Donations sought to complete historic Coin Harvey home
HUNTINGTON — Jim St. Clair said the public’s help is still needed to finish restoration work on the Coin Harvey House on 3rd Avenue.
The classical New Orleans-style house, complete with a grand staircase and Tiffany windows, was built in 1874 by William Hope “Coin” Harvey. Harvey was a presidential candidate and intellectual who furthered the of use of silver as legal tender, leading to his “Coin” nickname.
If completely renovated, St. Clair said the 3rd Avenue home will be a museum and a boon for tourism to the city.
St. Clair, a retired Huntington attorney, is currently the designated trustee and has been leading efforts to preserve the house with his wife, Mickey. The St. Clairs have poured more than $560,000 into the house, including removing termite and flood damaged areas, restoring the Tiffany stained glass windows, installing a concrete foundation around the home and restoring three fireplaces and a chimney.
However, Jim St. Clair said approximately $200,000 more is needed to add a back addition to the home, building a utility room and office space. The addition is necessary to make the house financially viable, which could be used as a museum, a party venue, a bed and breakfast or office, the St. Clairs said.
The St. Clairs have launched a website at www.CoinHarvey.com to help with the fundraising effort. People may find ways to donate money and also see a list of things still needed for the home, such as New Orleans 1874-style beds, armoires, antique file cabinets and period-style patio furniture, among others.
The house is being restored to look the way it would have been in the 1800s, Jim St. Clair said. Unfortunately, they do not have access to Harvey’s original furnishings.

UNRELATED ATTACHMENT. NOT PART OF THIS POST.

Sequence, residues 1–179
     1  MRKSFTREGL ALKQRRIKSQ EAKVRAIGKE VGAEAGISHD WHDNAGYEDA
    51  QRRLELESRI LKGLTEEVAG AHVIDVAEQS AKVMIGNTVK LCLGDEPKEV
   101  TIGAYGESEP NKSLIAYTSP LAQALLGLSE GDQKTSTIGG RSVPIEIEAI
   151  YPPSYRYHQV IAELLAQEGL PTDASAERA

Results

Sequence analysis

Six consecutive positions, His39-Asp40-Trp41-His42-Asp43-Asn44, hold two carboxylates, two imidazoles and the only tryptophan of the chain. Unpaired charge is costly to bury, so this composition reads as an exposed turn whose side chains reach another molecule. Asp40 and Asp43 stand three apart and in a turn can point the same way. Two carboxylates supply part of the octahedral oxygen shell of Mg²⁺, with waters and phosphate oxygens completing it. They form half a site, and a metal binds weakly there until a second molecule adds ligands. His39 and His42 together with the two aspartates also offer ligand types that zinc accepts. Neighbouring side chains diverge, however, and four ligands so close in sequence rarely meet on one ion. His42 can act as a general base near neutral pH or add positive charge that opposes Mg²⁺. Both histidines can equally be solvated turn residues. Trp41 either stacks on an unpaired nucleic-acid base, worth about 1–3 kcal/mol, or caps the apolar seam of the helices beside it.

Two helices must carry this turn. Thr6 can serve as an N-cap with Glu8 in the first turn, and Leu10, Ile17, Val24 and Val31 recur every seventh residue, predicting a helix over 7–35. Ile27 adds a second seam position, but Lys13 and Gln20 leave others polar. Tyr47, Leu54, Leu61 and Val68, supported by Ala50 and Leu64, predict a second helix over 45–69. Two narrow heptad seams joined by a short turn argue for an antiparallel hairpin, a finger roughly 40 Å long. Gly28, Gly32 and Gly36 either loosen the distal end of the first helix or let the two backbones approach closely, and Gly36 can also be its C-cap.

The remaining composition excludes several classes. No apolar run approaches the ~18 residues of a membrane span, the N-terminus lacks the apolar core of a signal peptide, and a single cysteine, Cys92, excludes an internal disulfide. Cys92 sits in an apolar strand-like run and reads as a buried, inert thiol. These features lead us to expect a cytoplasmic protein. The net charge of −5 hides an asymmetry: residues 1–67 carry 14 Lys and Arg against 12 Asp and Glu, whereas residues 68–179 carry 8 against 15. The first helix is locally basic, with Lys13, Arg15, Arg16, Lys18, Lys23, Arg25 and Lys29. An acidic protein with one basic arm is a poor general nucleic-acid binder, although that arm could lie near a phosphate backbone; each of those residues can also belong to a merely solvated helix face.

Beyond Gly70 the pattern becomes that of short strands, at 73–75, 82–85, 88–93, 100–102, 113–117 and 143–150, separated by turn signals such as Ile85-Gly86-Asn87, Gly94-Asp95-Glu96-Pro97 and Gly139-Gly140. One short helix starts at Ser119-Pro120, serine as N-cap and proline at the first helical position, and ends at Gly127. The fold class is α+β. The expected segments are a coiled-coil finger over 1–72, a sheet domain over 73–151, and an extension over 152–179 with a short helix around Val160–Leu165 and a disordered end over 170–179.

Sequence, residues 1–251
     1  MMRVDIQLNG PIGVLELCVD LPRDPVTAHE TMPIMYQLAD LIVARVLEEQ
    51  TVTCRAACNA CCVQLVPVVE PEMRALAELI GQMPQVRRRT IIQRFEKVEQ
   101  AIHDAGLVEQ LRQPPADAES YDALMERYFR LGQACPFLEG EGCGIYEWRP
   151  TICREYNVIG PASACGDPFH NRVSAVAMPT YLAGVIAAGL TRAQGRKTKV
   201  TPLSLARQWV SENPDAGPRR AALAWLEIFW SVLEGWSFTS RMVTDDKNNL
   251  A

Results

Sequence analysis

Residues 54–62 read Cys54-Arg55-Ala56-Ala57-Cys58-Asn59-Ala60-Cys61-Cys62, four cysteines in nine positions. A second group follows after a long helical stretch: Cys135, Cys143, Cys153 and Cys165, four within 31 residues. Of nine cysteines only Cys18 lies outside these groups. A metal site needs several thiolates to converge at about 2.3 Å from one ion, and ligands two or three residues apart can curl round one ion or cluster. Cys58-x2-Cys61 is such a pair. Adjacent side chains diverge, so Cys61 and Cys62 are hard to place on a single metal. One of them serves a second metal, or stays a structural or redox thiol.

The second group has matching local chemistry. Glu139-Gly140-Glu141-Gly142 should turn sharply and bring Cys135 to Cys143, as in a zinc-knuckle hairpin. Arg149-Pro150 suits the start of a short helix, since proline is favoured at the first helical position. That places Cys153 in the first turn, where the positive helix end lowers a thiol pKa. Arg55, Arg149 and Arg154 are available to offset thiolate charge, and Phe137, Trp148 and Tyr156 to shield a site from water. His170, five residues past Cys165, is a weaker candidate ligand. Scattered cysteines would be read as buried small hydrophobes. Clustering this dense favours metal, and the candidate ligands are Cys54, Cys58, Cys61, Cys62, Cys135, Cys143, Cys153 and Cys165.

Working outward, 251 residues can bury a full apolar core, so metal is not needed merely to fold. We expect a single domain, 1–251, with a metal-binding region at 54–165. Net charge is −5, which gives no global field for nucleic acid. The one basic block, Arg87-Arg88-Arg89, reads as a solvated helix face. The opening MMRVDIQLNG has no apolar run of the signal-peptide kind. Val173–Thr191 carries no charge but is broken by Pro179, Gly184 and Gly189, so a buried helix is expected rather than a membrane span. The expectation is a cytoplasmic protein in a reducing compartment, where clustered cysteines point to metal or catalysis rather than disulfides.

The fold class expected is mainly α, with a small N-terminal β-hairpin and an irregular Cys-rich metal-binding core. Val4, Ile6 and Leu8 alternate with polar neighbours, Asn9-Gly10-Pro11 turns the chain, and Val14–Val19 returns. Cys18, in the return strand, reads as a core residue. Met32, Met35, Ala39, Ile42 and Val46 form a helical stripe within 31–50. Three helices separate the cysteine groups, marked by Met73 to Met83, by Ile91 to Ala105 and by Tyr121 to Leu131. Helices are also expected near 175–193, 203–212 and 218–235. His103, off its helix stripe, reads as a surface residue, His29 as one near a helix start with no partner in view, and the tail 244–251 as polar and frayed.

“Coin was quite a mover,” Jim St. Clair said. “He was always on a move, and there were a number of homes he had owned in his lifetime.”
Since the project began several years ago, St. Clairs have received 50/50 matching grants from the West Virginia Department of Culture and History and several substantial private donations. The city of Huntington helped with demolition of a portion of the old additions.
The St. Clairs have organized a mission statement that lays out why previous fundraising efforts have been difficult. They have to compete with several other community organizations, they said.
“Since the wealthy ‘Coal Barons’ have died, gone out of business or moved away, companies such as Ashland Coal and Ashland Oil have relocated or merged. These corporations formerly had given large charitable donations to our city projects,” the mission statement said.
Jim St. Clair said any donation to the project is appreciated and is important to preserve Huntington’s history.
“We welcome small groups of people who want to go through it,” he added.
The Coin Harvey House, located at 1305 3rd Ave., was placed on the National Register of Historic Places in 1971. The St. Clairs have since set up a 501c3 nonprofit designation for the house, which is managed by the Huntington Realty Corporation.
The home was acquired by Dr. Earl Gerlach in 1925 and was used as his medical practice. His daughter, Lenore Kaiser, inherited the house in 1945. Upon her death in 1999, the home was deeded to the E.J. and Lenore Kaiser and David E. Gerlach Foundation, and Jim St. Clair, Kaiser’s attorney, was designated as the trustee, which he remains today.
Travis Crum is a reporter for The Herald-Dispatch. He may be reached by phone at 304-526-2801.